Adhesive Selection

In addition to the mechanical properties, the selection of adhesives is ruled by a lot of other factors, which, according to Ref [8], can be categorized in terms of product requirements, loads and actions, resistances related to aging, durabil­ity, and other factors.

Product requirements involve aspects regarding the type of substrate (steel, glass), thicknesses, tolerances, surfaces (contamination, grease, oil), coatings (screen print, zinc), pre-treatments (primer, activator), connection type (struc­tural, dis-/continuous, sealing, assembling), production conditions (on-site, workshop, laboratory), application behavior (viscosity, pot life), and processing properties (curing mechanism, mixing).

Loads and actions can be static, strain-rate, or temperature dependent; creeping; and relaxation or dynamic. Another significant load is summarized by exposure classes, which include effects from climate change, weathering, corro­sion, and ultraviolet (UV) light.

The resistance to aging and temperature is strongly influenced by durability aspects such as the projected life cycle, compatibility (polyvinyl butyral (PVB) foils), inspection, and reparability.

Other issues are economical (costs), architectural (color, visual attraction), or constructional ones that determine the adhesive selection.

Therefore, mechanical values are not always the only decisive selection criterion.

Concerning bonded hybrid beams, the adhesive selection firstly depends on the bonding geometry (Table 1, II), which has to ensure the bubble-free filling of joints and complete curing and guarantee protection from UV radiation and weathering, which would lead to a considerable strength decrease or loss of ad­hesion. Butt joints and connections with U-profiles seem to be the most promis­ing in this regard. Additionally, the cured bonded joint has to meet static and constructional requirements such as the following:

• Load transfer of shear forces.

• Compensation of fabrication tolerances.

• Reduction of stress peaks.

• Compensation of constraint forces due to possible thermal expansion.

In particular, the adhesive thickness is one of the decisive factors for the

load bearing behavior and stiffness of the adhesive joint. In the past, numerous research projects revealed that every adhesive has an optimal thickness (for most adhesives it is between 0.05 and 0.2 mm) at which the load bearing behav­ior and carrying capacity are best [15]. For the large-scale hybrid steel-glass beams developed within the INNOGLAST project, it was not possible to achieve adhesive thicknesses smaller than 3 mm without avoiding steel-glass contact due to the tolerances of the thin steel flanges and glass fins of at least 4 m in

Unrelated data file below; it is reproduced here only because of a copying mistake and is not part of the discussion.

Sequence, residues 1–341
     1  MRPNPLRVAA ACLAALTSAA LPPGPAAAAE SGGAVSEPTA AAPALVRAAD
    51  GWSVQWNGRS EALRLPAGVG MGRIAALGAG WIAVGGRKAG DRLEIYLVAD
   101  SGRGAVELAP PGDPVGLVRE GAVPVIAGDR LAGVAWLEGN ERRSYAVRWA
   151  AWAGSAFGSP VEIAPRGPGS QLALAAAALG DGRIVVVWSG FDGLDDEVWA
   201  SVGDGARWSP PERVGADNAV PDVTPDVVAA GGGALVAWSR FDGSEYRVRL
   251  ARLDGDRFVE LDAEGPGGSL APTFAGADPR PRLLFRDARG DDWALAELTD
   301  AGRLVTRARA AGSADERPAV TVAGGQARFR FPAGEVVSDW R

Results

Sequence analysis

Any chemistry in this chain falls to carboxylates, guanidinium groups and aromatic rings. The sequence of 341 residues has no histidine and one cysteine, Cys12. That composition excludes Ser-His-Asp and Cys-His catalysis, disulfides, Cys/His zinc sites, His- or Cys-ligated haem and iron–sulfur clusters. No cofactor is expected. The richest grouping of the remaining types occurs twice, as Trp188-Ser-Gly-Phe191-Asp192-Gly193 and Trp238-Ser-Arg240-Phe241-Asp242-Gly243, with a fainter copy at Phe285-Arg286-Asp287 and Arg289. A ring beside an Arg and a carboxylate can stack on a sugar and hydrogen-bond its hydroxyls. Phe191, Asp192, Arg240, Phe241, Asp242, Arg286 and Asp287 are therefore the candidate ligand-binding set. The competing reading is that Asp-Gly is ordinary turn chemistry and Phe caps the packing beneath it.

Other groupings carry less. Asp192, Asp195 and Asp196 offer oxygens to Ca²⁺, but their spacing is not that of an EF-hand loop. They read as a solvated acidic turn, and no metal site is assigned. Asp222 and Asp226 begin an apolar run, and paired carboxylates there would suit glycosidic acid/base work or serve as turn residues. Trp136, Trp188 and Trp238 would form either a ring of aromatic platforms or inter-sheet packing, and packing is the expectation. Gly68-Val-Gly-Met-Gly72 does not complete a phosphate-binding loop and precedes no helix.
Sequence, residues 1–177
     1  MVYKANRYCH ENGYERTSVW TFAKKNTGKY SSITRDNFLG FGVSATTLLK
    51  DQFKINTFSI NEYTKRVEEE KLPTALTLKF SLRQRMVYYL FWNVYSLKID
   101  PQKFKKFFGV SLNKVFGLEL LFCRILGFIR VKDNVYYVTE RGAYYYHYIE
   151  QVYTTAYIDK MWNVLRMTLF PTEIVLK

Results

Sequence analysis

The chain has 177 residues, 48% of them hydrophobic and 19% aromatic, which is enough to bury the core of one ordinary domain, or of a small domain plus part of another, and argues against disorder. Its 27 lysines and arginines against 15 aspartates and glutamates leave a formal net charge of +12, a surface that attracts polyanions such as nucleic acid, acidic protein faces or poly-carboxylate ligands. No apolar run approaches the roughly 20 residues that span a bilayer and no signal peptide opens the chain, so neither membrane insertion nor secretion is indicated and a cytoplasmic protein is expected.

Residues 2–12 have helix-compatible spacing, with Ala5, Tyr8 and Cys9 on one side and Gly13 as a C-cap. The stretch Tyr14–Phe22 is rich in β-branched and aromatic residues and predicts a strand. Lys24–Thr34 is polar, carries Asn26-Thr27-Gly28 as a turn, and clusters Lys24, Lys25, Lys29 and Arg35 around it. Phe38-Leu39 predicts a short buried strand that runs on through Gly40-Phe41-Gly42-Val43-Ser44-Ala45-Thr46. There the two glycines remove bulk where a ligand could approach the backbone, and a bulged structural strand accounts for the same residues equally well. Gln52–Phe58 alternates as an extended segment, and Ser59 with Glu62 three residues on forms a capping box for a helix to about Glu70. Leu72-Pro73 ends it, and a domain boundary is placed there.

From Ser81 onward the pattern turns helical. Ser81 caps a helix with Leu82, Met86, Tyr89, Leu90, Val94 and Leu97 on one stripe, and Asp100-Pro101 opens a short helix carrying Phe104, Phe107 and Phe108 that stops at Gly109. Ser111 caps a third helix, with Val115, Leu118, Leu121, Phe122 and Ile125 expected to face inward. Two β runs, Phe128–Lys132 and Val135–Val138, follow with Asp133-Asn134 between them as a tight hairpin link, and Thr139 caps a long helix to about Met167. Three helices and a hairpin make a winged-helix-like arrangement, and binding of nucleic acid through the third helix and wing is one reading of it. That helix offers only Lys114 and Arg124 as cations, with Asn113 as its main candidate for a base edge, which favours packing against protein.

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length. Smaller adhesive thicknesses of about 1 mm would increase the stiffness significantly and lead to higher ultimate loads and beam stiffnesses, but from a manufacturing point of view they are not achievable in practice. However, the main advantage of these high thicknesses is the high temperature compensation capability for temperature differences between steel and glass, even for very stiff adhesives. Therefore, in all cases an adhesive thickness of 3 mm was used.

Based on these considerations, seven cold-hardening (room temperature) adhesives were selected, most of them two-component structural adhesives: one two-component high-strength epoxy resin with high temperature resistance, four two-component polyurethanes with different strengths, one UV-curing ac­rylate, and, as a reference, a two-component silicone generally applied for struc­tural sealant glazing. These adhesives were selected in such a way as to include both very stiff adhesive systems with high Young’s moduli and strength values and flexible adhesive systems with low strengths and stiffnesses. Adhesives with minor temperature resistance were generally avoided, as were adhesives with limited pot life or viscosity and those with a curing mechanism unsuitable for linear steel-glass connections, such as warm – or humidity-curing systems.

Beyond that, the choice of adhesives was made with regard to potential “inside" and “outside" application, which means the adhesives should withstand weathering, UV radiation, cleaning agents, and temperature changes without any relevant change of their mechanical properties or any loss of bearing capacity. Not all of the four joining geometries (Table 1, II) are well suited for each adhesive; thus the advantages and disadvantages must be checked for each application. In addition to the required bonding length, high workmanship and optical criteria are of particular importance.